Is Operating an Amusement Ride While Intoxicated Illegal in Texas?

In Houston as well as elsewhere in Texas, operating an amusement ride while intoxicated, or even assembling a mobile amusement ride while intoxicated, is a crime with potentially serious consequences that can saddle you with a criminal record for life. Representing yourself against such a serious charge is almost never a good idea.

Elements of the Offense

To win a conviction, the prosecutor must prove each of the following elements of the crime beyond a reasonable doubt:

  • you were intoxicated
  • you operating an amusement ride at the time

It sounds simple, but a closer look at these elements can be fruitful when formulating an effective defense. A good lawyer will examine the text of the criminal statute closely, searching for ambiguities that be exploited for the benefit of his client.


Under Texas law, you are legally “intoxicated” if:

  • You were under the influence of alcohol, an illegal drug, a prescription or other drug known to cause intoxication, or a combination of two or all three of these, and as a result:.
  • you had a Blood Alcohol Concentration (BAC) of at least 0.08 percent (at the time that the offense was committed, not necessarily at the time that you were tested), or
  • you lacked the normal use of your mental or physical facilities at the time that the offense was committed.

If you were not given a breathalyzer test, or if you did not register at least 0.08 percent, you can still be convicted if you lacked “normal mental or physical facilities”. The vagueness of this definition is one of the main reasons why an experienced Houston criminal defense attorney might prove critical to your chances.

“Amusement Ride”

Texas defines “amusement ride” in a manner that excludes a coin-operated ride stationed in a public place, as long as it normally does not require an operator or supervision (such as a “horsey” ride for small children placed inside a department store).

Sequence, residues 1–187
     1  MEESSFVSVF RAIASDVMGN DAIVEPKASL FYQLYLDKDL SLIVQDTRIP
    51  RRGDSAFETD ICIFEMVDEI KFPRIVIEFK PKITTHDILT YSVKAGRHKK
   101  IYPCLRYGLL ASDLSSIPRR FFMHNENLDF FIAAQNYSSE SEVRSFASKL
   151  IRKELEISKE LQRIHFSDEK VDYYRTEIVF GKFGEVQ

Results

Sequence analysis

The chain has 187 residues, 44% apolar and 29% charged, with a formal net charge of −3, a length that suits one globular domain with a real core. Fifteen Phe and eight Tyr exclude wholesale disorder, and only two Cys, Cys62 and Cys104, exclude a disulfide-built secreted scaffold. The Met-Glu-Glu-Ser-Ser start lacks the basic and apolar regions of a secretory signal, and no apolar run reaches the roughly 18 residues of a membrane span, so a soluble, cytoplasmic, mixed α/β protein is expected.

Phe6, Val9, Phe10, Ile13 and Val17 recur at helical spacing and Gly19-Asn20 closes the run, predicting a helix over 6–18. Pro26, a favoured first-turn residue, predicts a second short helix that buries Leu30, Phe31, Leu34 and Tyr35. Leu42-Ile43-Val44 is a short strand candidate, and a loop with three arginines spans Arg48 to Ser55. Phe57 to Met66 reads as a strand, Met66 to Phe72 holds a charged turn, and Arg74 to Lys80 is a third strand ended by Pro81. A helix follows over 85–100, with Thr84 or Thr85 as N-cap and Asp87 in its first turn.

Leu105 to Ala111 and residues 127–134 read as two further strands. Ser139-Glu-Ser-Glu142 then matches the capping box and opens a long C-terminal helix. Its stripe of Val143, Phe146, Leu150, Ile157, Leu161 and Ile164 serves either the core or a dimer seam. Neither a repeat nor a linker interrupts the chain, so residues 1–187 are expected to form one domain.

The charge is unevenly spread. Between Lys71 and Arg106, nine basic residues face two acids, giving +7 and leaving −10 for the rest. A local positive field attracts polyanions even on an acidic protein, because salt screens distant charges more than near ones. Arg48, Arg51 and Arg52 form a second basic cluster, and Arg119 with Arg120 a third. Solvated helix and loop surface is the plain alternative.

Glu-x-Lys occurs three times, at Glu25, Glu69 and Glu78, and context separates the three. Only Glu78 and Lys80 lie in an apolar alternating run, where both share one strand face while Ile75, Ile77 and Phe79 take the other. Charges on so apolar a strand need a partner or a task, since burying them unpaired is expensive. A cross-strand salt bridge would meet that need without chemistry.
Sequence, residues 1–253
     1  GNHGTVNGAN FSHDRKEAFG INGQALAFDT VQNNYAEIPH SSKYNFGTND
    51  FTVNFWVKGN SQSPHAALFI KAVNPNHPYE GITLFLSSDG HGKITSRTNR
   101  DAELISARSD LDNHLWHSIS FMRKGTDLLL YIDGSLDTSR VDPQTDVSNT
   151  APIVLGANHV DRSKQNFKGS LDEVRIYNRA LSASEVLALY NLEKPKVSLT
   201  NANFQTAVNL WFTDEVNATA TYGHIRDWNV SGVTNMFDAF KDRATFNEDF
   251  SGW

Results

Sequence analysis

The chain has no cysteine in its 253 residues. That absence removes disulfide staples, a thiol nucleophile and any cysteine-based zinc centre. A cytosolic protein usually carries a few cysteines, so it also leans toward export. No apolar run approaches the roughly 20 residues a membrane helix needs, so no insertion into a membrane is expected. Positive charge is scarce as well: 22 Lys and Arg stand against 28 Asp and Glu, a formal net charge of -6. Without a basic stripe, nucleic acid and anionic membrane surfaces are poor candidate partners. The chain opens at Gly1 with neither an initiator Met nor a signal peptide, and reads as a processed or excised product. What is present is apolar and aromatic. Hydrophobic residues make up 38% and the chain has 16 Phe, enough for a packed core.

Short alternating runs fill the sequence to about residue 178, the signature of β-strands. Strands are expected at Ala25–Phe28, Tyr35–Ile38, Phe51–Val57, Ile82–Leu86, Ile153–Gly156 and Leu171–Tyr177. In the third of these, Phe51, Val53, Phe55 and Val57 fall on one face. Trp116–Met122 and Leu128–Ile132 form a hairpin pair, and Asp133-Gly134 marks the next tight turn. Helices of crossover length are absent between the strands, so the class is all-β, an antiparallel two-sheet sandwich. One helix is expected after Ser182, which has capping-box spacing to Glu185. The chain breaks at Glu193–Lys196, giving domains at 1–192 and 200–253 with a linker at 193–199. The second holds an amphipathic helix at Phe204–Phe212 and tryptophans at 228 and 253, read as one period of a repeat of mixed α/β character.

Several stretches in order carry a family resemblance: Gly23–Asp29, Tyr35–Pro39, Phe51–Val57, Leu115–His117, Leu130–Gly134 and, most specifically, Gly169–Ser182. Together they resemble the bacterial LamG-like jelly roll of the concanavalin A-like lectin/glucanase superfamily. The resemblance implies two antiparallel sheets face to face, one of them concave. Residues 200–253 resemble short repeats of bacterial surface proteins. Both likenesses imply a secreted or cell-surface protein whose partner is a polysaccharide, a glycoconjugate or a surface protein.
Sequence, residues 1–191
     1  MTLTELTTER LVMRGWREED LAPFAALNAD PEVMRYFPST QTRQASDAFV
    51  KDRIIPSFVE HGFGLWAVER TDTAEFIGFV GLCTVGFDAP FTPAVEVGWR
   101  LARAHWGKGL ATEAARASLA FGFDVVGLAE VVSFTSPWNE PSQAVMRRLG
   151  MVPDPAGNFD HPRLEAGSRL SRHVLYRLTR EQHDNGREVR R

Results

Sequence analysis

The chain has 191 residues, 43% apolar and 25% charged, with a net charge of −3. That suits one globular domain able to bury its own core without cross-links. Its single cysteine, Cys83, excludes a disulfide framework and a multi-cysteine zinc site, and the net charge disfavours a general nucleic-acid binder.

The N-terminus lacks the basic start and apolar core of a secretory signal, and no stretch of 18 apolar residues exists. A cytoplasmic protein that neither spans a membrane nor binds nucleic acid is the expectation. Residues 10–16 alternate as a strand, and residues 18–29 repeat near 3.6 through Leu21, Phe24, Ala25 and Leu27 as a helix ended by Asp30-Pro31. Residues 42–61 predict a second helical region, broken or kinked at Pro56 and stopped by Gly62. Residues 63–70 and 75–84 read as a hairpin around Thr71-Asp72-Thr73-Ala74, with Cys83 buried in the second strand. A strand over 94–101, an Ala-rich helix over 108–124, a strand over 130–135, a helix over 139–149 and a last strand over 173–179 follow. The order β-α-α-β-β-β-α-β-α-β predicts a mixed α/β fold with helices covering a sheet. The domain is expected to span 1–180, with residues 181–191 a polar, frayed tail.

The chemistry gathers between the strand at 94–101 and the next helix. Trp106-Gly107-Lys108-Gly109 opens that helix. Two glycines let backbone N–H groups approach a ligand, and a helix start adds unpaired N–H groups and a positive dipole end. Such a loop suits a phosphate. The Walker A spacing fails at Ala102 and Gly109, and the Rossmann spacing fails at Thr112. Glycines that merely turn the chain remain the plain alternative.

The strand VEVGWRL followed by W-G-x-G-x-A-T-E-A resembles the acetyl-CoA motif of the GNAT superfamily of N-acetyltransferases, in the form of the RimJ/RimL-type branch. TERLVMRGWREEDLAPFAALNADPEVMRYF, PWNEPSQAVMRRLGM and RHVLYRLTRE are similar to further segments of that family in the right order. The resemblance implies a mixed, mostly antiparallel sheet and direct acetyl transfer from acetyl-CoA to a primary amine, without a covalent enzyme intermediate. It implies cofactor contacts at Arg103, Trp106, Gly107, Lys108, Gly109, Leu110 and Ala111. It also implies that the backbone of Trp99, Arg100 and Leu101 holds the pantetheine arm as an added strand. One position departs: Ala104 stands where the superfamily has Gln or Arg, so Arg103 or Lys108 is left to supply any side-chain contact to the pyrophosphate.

Operating an amusement ride while intoxicated is considered a Class B misdemeanor in Texas. Like other Class B misdemeanors, the penalty ranges are as follows:

  • Imprisonment for up to 180 days, and/or
  • A fine of up to $2,000

The minimum jail time is 72 hours; however, if you are caught committing the offense with an open container of alcohol, the minimum jail time is six days.

Potential Complications

If an accident occurs during the commission of the offense, your life could become a lot more complicated, especially if someone was seriously injured or killed. You might face crushing civil liability, and you might be charged with intoxication assault or even intoxication manslaughter, depending on the circumstances.

Fighting Back

Houston DWI and criminal defense attorney Mario Madrid has enjoyed nearly two decades practicing law. He has served as both a prosecutor and a judge, and he is a member of the National College of DUI Defense Attorneys. He has been certified as a specialist in Criminal Law, an honor enjoyed by only about ten percent of Texas criminal defense lawyers. If you have been arrested for manslaughter in the Houston metro area, call Madrid Law, PLLC at 713-877-9400 for a free initial consultation.

Is Operating an Amusement Ride While Intoxicated Illegal in Texas?

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